What is a Sentinel Lymph Node Biopsy for breast surgery?
The sentinel lymph node is the first lymph node that lymph fluid drains to from the breast, and therefore the lymph node to which cancer cells are most likely to spread from the primary tumour. Sometimes there is more than one sentinel node. The Sentinel Lymph Node Biopsy (SLNB) is a procedure carried out to identify the sentinel lymph node(s) in the breast, so that they can be removed and examined to determine whether cancer cells have spread to them from the main tumour.
How does the SLNB procedure work?
A patient undergoing a Sentinel Lymph Node Biopsy will be injected with a very small dose of radioactive substance and a blue dye near to the nipple; these then enter into the lymphatic channels that subsequently drain into the local lymph nodes. The surgeon will then make a small cut in the armpit and identify the sentinel lymph nodes using a scanning device that detects radioactivity, and remove any lymph nodes that show traces of radioactivity or blue staining from the dye.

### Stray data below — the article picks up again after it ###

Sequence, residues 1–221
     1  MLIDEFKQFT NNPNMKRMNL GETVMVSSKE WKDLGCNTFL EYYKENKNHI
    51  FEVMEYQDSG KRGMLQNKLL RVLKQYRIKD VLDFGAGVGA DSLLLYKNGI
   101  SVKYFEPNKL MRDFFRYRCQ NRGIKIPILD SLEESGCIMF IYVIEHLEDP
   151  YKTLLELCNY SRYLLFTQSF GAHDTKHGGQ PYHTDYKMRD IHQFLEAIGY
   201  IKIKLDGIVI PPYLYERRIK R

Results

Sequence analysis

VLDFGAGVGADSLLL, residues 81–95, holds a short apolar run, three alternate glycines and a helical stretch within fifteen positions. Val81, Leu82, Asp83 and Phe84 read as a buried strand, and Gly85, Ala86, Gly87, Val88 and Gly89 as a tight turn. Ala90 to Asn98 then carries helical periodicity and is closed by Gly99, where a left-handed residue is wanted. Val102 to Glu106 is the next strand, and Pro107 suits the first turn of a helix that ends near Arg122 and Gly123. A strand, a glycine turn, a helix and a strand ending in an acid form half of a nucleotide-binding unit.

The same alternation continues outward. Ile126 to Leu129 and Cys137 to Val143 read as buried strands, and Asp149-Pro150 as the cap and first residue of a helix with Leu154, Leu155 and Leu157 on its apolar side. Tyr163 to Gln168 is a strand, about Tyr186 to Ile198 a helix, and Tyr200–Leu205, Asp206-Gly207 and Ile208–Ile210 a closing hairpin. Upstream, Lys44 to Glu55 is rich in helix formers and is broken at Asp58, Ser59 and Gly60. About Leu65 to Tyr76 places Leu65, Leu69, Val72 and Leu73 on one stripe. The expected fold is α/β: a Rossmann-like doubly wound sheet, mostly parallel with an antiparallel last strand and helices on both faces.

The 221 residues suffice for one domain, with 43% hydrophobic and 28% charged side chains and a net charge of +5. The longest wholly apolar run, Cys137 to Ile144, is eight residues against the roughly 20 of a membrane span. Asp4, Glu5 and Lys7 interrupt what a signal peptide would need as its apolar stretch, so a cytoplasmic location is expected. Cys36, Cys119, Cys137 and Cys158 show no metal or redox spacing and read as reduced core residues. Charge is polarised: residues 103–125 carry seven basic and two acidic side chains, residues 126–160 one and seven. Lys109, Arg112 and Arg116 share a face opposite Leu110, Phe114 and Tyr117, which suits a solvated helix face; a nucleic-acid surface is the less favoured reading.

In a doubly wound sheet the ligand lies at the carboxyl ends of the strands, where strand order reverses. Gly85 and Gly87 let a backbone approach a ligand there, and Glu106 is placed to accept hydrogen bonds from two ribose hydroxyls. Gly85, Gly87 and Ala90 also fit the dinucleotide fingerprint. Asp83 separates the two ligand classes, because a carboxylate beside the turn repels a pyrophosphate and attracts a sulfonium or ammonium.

These lymph nodes are then examined by a pathologist under the microscope for the presence of cancer cells. If cancer cells are found to be present then the surgeon may need to remove further lymph nodes, usually as a follow-up surgical procedure.
What are the benefits of SLNB?
SLNB is beneficial to patient for a number of reasons; in addition to helping doctors 'stage' cancers by identifying which cancers have spread to the lymph nodes, it is also fundamental in avoiding more extensive lymph node surgery. All lymph node surgery can lead to problems with lymph fluid drainage, causing swelling or lymphoedema, and the risk is reduced when fewer lymph nodes are removed.
Are there any risks to SLNB?
As SLNB involve less extensive surgery and removal of fewer lymph nodes than standard lymph node surgery, there is a lower potential for adverse effects or harm. Similar to other surgical procedures, SLNB can cause short-term pain, swelling and bruising at the surgical site; there is a small risk of infection in the wound. Rarely patients can have an allergic reaction to the blue dye used in SLNB. All risks will be discussed in full with patients by the treating consultant prior to the procedure.
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Content reviewed: October 2014
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